F-29a All SaintsGrace, mercy, and peace to you from God our Father, and from our Lord and Savior, Jesus Christ, amen. The text for the sermon is the reading from Revelation 7.

Looking around this morning, I see we have empty seats in the sanctuary, or so it would appear at first glance. While it appears that the church looks empty, I would beg to differ. The sanctuary is full this morning and every time we gather for worship. It is full of God’s saints, though we don’t see it. We worship this day and every service “with angels and archangels and with all the company of heaven.”

Today, we remember those who have died in the faith. Saints are all those who are knit together as one communion and fellowship in the mystical body of Jesus Christ. The saints are blessed in Christ, who is the Blessed One. They serve as an example of faith and “virtuous and godly living” to those who still struggle in this world.

While all believers in Christ in heaven and on earth are His saints, on this day the Church remembers all of God’s saints who have died and now participate in the “unspeakable joys” of heaven. These saints, who trusted in the Lord in their earthly life, as members of the Church Militant, live now in His eternal peace, the Church Triumphant. They exalt and magnify His Name, look to Him, and are radiant, reflecting His glory.

As we look at our text, we see a multitude so great that no one could fix a number on it — from all the nations, tribes, peoples and tongues of the earth — clothed in white and bearing the palm branch of victory in their hands, shouting, proclaiming and saying. But what is that they are focused on? Not on themselves! Where are they staring? Not at each other! They are all facing the throne of God and of the Lamb. And they sing aloud: “Salvation belongs to our God who sits on the throne, and to the Lamb!” The thing that holds them together as one is the object on which they are fixed and the love and awe that shine from them as they rejoice to look upon what they look upon. The focus of the saints is Jesus Christ.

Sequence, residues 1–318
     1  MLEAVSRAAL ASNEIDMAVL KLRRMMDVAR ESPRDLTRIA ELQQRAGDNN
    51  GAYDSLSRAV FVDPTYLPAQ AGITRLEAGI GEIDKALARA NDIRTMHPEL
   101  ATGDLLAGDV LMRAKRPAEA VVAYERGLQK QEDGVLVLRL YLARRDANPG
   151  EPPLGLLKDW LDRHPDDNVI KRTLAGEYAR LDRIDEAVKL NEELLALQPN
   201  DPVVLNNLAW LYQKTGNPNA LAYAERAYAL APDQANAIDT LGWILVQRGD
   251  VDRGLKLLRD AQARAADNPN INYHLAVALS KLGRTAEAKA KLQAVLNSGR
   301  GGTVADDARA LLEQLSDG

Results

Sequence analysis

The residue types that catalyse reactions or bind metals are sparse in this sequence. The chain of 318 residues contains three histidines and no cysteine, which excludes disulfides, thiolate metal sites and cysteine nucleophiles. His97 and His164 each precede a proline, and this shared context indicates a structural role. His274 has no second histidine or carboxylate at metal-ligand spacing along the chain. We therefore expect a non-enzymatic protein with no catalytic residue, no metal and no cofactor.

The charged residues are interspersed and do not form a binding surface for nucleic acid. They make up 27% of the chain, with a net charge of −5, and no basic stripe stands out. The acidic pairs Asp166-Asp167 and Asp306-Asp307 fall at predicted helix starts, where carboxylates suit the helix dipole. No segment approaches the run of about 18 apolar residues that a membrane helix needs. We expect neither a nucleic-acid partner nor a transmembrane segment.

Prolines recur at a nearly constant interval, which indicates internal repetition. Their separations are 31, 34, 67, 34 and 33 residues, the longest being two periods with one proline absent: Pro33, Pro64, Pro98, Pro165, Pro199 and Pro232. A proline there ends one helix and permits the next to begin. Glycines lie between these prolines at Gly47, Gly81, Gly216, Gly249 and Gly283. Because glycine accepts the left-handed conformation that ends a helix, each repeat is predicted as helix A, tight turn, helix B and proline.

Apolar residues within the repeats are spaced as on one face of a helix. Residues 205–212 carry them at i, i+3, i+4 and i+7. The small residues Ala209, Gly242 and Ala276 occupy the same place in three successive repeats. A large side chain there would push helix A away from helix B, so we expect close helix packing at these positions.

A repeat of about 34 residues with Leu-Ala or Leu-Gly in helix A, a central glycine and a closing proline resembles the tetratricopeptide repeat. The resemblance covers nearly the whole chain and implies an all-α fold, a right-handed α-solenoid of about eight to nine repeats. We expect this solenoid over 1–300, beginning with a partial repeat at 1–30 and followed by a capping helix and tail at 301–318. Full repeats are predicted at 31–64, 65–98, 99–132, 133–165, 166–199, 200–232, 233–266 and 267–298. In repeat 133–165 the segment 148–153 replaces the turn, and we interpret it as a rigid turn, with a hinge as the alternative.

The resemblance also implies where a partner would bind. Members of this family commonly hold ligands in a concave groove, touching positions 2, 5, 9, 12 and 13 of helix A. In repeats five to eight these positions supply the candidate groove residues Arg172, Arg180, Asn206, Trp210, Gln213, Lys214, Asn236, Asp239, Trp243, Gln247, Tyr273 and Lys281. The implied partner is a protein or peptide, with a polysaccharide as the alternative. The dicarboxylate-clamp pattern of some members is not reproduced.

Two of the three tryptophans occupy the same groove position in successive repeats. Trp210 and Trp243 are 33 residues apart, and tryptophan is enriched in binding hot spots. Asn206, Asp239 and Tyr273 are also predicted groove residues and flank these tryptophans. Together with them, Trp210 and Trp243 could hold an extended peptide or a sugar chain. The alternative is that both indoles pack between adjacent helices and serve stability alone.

All Saints’ Day reminds us that when we fall asleep in Jesus, we’re not “gone” or “lost.” We’re with the Lord. And when He comes again on the Last Day, He will raise us up and give to us everlasting life. There will come a time when every tear will be wiped away, when there will be no more night, when we will be face-to-face with the Lord Himself. There will be a time when suffering is ended and we have peace forever.

In this life, we have suffering. Jesus suffered. You will suffer. But that’s not the end—not by a long shot. Jesus rose from the dead and that means the suffering doesn’t last forever. Even Jesus’ suffering didn’t last forever. He died. Then He rose again from the dead. His death and resurrection remind us that His suffering has the ultimate achievement of conquering sin and death. And His resurrection means you will rise on the Last Day. His resurrection means that all the things that cause us tears will one day be gone and those tears will be wiped away.

Your baptism declares that you, too, are a saint, that is a holy person, one whose sins are forgiven, one who will rise from the dead. The body and blood of Jesus say so. On All Saints’ Day, we hear the phrase, “those who rest from their labors.” Their struggle with the crosses of their sin and suffering are ended. They enjoy eternal life with Jesus and will be raised up in their bodies when He comes again in glory.